Top Tips for High-Level Disinfection in Ultrasound – Part II
We continue sharing ultrasound probe cleaning guidelines in part two of our “Top Tips for High-Level Disinfection in Ultrasound” series. If you missed the first edition, you can read part one here.
Additional education opportunities are also available! Join us for our next webinar on September 12th: “How to High-Level Disinfect Transesophageal (TEE) Probes”. By attending the complimentary webinar, you will learn proper probe cleaning techniques, high-level disinfection standards, and storage recommendations.
Since ultrasound probe cleaning and disinfection practices are always evolving, healthcare workers should always acquire up-to-date information for the products and practices they use. In addition, always refer to the ultrasound manufacturers’ instructions for use (IFU) and your facility’s infection control policies.
1. Consider alternatives to aldehydes.
New oxidative disinfectants, such as hydrogen peroxide-based high-level disinfectants, are available in addition to aldehyde-based disinfectants.
OPA is currently the most common high-level disinfectant used after proper ultrasound probe pre-cleaning. OPA is an aldehyde-based chemistry marketed in three brands: CIDEX® OPA, Metricide™ OPA, and Rapicide® OPA.
Another well-known aldehyde-based disinfectant is glutaraldehyde. Note the common root word: ‘aldehyde.’ Glutaraldehyde-based disinfectants were the most commonly used high-level disinfectant twenty years ago.
The instructions for use (IFUs) for both OPA and glutaraldehyde mandate multiple large volume rinses after soaking, and glutaraldehyde high-level disinfectants require ten air exchanges per hour. Depending on the brand, you can re-use these aldehyde-based disinfectants for up to 14 days or 28 days, provided they pass the Minimum Recommended Concentration (MRC) test.
Oxidative chemistries are a safe alternative to aldehydes. There are no patient contraindications and they leave no toxic residues on devices. Many are also considered environmentally friendly. Most are two-part solutions used in dedicated automated reprocessors for endoscopes. Revital-Ox™ RESERT® from STERIS is a hydrogen peroxide-based high-level disinfectant that is ready to use.
All high-level disinfectants require proper ventilation, typically a minimum of 10 air changes per hour. Note that ultrasound areas, smaller rooms, or rooms that have been converted to reprocessing areas may not meet the minimum requirements. Additional engineering controls should be implemented through use of a GUS Disinfection Soak Station™.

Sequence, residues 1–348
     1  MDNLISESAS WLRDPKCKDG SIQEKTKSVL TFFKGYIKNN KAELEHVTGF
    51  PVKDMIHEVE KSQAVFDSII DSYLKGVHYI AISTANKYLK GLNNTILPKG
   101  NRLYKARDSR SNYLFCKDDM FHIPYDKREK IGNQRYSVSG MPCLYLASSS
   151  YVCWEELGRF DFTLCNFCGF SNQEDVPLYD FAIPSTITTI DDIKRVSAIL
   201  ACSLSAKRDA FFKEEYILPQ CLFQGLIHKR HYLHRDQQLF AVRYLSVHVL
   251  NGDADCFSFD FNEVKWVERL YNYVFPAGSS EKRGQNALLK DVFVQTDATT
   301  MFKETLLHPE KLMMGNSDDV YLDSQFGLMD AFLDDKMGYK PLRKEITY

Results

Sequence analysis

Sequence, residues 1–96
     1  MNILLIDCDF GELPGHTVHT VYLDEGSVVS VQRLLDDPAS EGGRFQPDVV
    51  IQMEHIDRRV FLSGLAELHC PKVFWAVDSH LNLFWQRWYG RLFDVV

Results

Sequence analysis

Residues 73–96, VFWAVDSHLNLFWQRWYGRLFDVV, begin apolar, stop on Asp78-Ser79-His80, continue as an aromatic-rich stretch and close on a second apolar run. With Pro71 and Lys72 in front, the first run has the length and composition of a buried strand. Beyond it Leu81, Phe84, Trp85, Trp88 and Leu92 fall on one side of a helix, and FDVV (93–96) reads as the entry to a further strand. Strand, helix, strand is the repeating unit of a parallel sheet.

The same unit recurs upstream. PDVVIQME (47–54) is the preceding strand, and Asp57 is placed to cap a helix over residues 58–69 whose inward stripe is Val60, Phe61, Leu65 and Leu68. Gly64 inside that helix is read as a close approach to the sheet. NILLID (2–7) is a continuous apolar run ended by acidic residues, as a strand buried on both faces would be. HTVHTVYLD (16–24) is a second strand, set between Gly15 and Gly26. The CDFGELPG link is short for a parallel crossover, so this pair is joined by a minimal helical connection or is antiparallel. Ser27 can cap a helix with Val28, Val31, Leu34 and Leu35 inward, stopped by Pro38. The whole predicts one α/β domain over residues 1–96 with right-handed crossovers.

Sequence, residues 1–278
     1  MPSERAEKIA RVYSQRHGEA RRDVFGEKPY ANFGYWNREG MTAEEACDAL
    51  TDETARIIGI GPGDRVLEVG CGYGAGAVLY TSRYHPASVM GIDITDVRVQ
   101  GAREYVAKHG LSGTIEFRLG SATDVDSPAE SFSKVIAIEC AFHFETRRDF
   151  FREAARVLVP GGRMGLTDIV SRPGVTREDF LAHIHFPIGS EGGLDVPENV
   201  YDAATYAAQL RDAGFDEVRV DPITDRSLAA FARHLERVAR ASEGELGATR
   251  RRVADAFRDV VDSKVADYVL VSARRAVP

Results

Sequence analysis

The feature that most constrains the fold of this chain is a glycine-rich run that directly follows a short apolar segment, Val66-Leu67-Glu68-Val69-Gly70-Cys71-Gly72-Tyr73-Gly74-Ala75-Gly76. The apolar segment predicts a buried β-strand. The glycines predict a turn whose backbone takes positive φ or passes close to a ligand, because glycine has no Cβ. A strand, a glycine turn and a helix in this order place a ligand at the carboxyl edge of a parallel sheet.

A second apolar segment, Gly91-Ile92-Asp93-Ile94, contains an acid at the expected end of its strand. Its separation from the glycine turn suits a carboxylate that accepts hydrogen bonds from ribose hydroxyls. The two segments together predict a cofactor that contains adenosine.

For faster turnaround time when manually cleaning your ultrasound probe, Revital-Ox RESERT can improve the process as follows:
- 8-minute disinfection
- 1 low-volume rinse vs. 2-3 large volume rinses. RESERT’s single (and final) rinse can be done in a GUS and saves water.
- Up to 21 day re-use
2. Is hydrogen peroxide effective against HPV?
As of August 2017, the FDA has not actually approved a testing method for efficacy against HPV for any high-level disinfectant in the USA. Even though recent studies about high-level disinfectants’ claims of effectiveness against HPV, more validation per proper FDA testing protocols is required before any HLD can make this claim. The list of FDA-cleared high-level disinfectants are listed on their website:
HPV is classified as non-enveloped virus, and HPV16 and 18 are classified as non-enveloped viruses. The FDA requires the use of poliovirus as the marker virus to show effectiveness against HPV.
Marketing claims that state 7% of endocavity ultrasound probes remain contaminated with high-risk HPV DNA after disinfection refer to a low-level disinfection study in France*. High-level disinfection is required for semi-critical devices (including endocavity ultrasound probes) in the United States. In addition, a sheath or condom should be used on endovaginal/endocavity probes, which provides added protection. Low-level disinfection would not be expected to be effective against non-enveloped viruses such as HPV.
*Casalegno et al. High Risk HPV Contamination of Endocavity Vaginal Ultrasound Probes: An Underestimated Route of Nosocomial Infection? PLoS One. 2012; 7(10): e48137. Published online 2012 Oct 24. doi: 10.1371/journal.pone.0048137
3. Electrical leak testing of TEE probes is required between each use
Since December 2015, the Intersocietal Accreditation Commission (IAC) requires an electrical leak test on all transesophageal (TEE) ultrasound transducers between each use. In addition, pass/fail documentation is required, with appropriate action taken if the probe fails.
Proper maintenance of your TEE probe is critical to ensure high quality images and to extend the life of your delicate and expensive device. Electrical leak tests help you to properly maintain your device. More important, leak tests can prevent your patients from harmful electrical currents.
An electrical leak test checks for damage to the TEE probe’s insertion tube that could result in electrical charge to a patient during a procedure. CIVCO offers an electrical leak tester and webinars on how to perform the leak test. Learn about TEE leak testing and disinfection in our upcoming webinar on September 12, “How to High-Level Disinfect Transesophageal (TEE) Probes.”
Stay tuned for part three of our Top Tips of High-Level Disinfection series. If you have any questions, please don’t hesitate to contact us.
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Orla Concannon, BS, HLEMBA is a Clinical Marketing Consultant. She has worked with CIVCO Medical Solutions and PCI Medical for over ten years, where she has become an expert in regulatory guidelines related to high-level disinfection. With the increasing necessity for knowledge on disinfection guidelines, Orla has presented seminars and workshops to healthcare facilities, medical organizations, and manufacturers.